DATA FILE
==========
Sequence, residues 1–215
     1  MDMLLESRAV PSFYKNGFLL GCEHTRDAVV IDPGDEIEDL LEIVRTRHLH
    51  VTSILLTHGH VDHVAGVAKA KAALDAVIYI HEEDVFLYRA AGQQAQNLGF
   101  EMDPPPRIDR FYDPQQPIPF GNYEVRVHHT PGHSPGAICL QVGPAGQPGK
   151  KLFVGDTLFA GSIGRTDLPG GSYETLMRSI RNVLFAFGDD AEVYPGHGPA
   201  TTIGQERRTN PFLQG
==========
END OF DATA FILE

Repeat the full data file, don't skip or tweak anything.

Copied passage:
Sequence, residues 1–215
     1  MDMLLESRAV PSFYKNGFLL GCEHTRDAVV IDPGDEIEDL LEIVRTRHLH
    51  VTSILLTHGH VDHVAGVAKA KAALDAVIYI HEEDVFLYRA AGQQAQNLGF
   101  EMDPPPRIDR FYDPQQPIPF GNYEVRVHHT PGHSPGAICL QVGPAGQPGK
   151  KLFVGDTLFA GSIGRTDLPG GSYETLMRSI RNVLFAFGDD AEVYPGHGPA
   201  TTIGQERRTN PFLQG